The ATN National Community Advisory Board, called Youth Experts and Advocates for Health, or ATN-YEAH, is made up of 12 representatives ages 18-24 from around the US. ATN-YEAH was formed in the spring of 2018 and first met face-to-face in April 2018. Read about their first face-to-face meeting here.
These young people are interested in youth HIV prevention and care for youth living with HIV. Each member is a representative from one of the ATN’s program projects, whether a part of iTech, Scale It Up, or CARES, or they may be involved with the studies conducted by the ATN Coordinating Center. Some are members of local ATN Community Advisory Boards in cities where participants are recruited. Members may serve a term of two years, with some serving up to two and a half years, so new members are rotated in using a staggered schedule.
Angulique Outlaw, a member of the Scale It Up Management Core and Associate Professor in the department of Family Medicine and Public Health Services at Wayne State University, is the network’s ATN-YEAH’s Representative Liaison.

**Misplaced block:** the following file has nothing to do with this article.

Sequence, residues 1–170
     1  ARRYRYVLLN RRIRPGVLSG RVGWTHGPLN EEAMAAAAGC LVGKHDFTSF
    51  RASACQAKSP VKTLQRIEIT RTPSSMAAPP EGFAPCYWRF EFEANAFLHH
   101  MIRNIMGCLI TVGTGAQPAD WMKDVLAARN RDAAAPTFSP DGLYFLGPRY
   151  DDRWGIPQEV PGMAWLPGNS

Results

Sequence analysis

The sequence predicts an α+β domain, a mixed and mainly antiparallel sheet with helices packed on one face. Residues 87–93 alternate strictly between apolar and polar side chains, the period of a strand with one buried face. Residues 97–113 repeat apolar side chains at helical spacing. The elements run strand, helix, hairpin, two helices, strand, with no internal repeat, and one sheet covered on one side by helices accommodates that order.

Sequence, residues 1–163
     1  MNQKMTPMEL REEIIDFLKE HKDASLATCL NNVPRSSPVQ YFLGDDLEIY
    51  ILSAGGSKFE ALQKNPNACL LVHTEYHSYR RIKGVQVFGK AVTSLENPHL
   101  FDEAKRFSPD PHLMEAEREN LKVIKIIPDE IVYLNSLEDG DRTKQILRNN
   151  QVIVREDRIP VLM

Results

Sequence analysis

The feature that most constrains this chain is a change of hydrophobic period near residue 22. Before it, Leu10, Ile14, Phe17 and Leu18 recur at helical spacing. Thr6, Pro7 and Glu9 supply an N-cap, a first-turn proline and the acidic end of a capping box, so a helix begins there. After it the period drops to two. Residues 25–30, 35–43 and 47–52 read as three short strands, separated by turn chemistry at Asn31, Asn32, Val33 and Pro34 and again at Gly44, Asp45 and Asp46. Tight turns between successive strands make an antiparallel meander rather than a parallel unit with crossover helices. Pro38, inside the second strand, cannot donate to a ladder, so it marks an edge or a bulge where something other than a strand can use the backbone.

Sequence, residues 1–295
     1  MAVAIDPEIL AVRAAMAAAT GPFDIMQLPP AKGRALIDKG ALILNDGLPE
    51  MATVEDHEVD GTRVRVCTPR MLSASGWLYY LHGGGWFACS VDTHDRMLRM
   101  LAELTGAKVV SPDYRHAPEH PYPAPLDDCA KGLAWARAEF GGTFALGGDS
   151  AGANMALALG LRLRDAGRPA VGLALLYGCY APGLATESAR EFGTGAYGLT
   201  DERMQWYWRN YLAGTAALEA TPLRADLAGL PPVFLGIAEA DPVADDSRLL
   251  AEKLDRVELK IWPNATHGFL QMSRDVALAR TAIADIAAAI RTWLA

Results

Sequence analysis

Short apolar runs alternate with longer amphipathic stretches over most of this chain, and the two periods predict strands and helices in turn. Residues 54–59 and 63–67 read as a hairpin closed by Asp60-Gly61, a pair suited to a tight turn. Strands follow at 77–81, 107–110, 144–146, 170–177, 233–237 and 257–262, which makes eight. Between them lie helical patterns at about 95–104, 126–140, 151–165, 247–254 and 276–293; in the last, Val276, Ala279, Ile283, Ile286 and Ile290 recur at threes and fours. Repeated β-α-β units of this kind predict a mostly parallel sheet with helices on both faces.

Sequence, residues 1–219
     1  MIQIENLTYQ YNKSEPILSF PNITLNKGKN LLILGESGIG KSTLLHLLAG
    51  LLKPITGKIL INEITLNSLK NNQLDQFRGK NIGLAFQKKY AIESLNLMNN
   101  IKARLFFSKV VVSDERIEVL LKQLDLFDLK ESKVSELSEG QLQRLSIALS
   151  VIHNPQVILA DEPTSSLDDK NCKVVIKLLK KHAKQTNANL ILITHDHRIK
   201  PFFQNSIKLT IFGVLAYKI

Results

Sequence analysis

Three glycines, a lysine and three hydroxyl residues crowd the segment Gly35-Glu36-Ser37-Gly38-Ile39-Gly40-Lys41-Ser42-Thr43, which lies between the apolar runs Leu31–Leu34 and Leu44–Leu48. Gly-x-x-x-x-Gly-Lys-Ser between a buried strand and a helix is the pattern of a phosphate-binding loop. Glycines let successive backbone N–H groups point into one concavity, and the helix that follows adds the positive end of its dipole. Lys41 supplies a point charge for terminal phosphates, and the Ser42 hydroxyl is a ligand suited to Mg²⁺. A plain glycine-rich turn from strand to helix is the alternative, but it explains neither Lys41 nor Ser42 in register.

The Role of ATN-YEAH
The ATN-YEAH provides expertise, consultation, and advice to the ATN. The group makes sure that the ATN’s research agenda addresses the needs of youth. Members also provide feedback on recruitment materials, policies, procedures, and research protocols. They will also serve as liaisons to local ATN-related Community Advisory Boards around the country. The members meet quarterly via virtual meetings, and once a year they meet face-to-face. The face-to-face meeting involves professional development workshops, group discussion, and rapport-building activities.
Videos Featuring ATN-YEAH Members
Editorial Articles by ATN-YEAH Members
Profiles of ATN-YEAH Members
The ATN-YEAH with the Office of HIV/AIDS Network Coordination (HANC), and Community Partners hosted a webinar on "Bridging the Gap: Transition from Youth to Adult HIV Care," as part of National Youth HIV/AIDS Awareness Day on April 9, 2021. Members of the ATN-YEAH participated in a moderated discussion to discuss barriers and facilitators at the individual, clinical, and structural levels that can impact the transition from youth to adult HIV care. The event has ended, but you can view the recording here.